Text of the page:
Also, in areas where air quality is threatened, or where poor air quality days occur frequently, supplemental oxygen can help. People who live in places where wildfires are common and are exposed to smoke are breathing in less pure oxygen. In many areas, summer smog, excessive heat, and humidity in the air can make it difficult to breathe, and supplemental oxygen can help - especially among those with pre-existing respiratory issues.

Now let’s discuss the different types of indoor air, and why supplemental oxygen like Boost Oxygen can help.

Indoor air quality vs. Outdoor air quality

Among some of the worst indoor air quality locations include casinos, bus stations, schools, warehouses, airplanes, manufacturing facilities, indoor pools, apartment buildings and doctor offices - especially for workers who spend the majority of their days inside those locations.

Casinos have some of the worst indoor quality, due to smoking. Bus stations are filled with air pollutants such as carbon monoxide and sulfur dioxide. Many manufacturing facilities, apartment buildings and schools are older buildings with outdated and poorly designed ventilation and HVAC systems. In the case of doctor offices, airborne pathogens can be common.

While the outside air you breathe contains 21% oxygen, indoor air can contain less. Meaning, your body is getting less of the oxygen it needs and more of the pollutants that can harm it. People who work indoors in these buildings with air quality issues are more likely to feel tired, sluggish and get sick more often.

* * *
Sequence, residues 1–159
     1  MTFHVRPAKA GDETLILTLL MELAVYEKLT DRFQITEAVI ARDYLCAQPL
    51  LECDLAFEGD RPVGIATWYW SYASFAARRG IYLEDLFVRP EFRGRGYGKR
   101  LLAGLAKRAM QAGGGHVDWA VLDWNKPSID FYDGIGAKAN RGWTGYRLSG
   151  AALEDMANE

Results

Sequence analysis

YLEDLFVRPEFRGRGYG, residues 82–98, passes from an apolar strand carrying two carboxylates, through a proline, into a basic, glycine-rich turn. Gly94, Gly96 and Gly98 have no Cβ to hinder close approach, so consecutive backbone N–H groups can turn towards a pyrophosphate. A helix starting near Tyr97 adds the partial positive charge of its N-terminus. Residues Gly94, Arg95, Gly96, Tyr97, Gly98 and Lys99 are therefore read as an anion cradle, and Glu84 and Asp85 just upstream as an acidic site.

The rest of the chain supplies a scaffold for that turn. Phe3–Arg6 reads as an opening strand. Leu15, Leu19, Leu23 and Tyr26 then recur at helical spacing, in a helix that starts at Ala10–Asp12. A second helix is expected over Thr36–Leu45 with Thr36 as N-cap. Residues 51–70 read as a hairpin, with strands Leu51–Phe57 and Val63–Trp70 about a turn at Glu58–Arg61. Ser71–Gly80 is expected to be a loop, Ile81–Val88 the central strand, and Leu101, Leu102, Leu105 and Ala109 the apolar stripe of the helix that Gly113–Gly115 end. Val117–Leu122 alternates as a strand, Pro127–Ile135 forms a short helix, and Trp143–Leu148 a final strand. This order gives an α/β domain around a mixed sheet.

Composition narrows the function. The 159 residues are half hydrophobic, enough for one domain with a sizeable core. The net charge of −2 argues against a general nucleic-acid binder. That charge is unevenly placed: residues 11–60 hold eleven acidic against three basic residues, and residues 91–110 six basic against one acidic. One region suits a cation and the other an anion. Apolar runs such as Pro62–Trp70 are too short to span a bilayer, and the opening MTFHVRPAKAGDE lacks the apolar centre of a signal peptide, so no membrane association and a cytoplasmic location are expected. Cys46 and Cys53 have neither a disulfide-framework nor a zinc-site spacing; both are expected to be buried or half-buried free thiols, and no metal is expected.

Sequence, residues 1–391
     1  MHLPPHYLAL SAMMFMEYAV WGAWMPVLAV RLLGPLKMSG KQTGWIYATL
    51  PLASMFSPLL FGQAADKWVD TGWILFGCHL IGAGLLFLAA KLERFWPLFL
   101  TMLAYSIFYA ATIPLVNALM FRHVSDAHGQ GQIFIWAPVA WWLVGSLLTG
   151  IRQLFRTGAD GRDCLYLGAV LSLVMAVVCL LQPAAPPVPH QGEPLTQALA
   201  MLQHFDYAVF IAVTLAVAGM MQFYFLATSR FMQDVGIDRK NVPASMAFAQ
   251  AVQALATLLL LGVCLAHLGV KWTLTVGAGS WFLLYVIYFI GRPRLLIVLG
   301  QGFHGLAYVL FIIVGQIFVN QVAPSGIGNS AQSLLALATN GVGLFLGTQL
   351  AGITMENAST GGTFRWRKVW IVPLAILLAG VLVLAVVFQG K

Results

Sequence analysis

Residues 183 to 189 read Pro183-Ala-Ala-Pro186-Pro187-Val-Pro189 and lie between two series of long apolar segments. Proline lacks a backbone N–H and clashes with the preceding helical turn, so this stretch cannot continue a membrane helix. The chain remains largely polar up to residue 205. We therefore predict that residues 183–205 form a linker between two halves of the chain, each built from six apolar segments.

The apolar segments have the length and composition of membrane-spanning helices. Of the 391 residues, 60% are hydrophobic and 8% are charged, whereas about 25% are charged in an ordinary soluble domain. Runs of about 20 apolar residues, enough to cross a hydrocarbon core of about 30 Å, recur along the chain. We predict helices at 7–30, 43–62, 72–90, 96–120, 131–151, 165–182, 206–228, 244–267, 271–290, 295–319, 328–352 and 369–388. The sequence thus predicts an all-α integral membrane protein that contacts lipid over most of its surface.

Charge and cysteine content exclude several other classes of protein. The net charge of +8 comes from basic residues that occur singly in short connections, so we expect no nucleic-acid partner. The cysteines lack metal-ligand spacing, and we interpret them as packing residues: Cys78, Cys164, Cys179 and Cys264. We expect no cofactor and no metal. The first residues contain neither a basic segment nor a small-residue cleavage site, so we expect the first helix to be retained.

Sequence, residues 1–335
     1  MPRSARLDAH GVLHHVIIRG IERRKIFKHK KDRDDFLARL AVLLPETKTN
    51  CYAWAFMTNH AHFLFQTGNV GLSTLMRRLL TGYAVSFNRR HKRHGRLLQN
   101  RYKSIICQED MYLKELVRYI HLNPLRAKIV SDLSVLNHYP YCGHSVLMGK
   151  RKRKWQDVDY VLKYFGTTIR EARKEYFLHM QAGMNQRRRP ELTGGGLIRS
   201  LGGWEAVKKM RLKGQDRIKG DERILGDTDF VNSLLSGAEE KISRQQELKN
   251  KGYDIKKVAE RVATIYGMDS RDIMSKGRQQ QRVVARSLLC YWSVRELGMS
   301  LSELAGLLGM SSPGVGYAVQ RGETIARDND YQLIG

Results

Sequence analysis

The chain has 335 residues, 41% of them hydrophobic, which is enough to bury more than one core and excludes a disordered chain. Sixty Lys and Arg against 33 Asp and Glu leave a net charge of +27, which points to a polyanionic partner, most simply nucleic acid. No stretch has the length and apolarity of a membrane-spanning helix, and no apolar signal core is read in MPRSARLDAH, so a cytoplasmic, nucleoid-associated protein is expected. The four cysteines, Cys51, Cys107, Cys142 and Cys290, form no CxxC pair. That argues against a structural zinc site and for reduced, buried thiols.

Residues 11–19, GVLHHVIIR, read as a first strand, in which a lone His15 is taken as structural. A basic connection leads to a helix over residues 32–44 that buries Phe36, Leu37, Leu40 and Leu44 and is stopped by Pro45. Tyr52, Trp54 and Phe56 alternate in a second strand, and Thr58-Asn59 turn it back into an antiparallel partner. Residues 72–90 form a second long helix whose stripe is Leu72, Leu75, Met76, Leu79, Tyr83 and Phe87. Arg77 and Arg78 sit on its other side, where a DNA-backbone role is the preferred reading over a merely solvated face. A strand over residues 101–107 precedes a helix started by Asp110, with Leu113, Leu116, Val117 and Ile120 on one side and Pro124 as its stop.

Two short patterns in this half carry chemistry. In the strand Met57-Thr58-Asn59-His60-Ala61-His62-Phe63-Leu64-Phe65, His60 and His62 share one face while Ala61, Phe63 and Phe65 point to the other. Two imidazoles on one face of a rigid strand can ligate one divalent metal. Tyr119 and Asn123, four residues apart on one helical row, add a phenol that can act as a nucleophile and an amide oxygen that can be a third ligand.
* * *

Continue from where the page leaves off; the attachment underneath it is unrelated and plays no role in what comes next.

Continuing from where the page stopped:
Supplemental oxygen like Boost Oxygen is not intended to treat any illness, but it can help provide your body with pure oxygen to help when you’re feeling run down – especially if you work indoors. It’s safe, all natural and doesn’t contain the caffeine or sugars in energy drinks that cause you to crash later. Boost Oxygen is 95% pure oxygen that comes in lightweight, easy to use, and portable canisters.

Katie explains: What is Boost Oxygen! Watch the video below:

Topics: oxygen why boost oxygen questions recovery altitude how to use boost oxygen health information & research what is boost oxygen

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Written by Bill Banks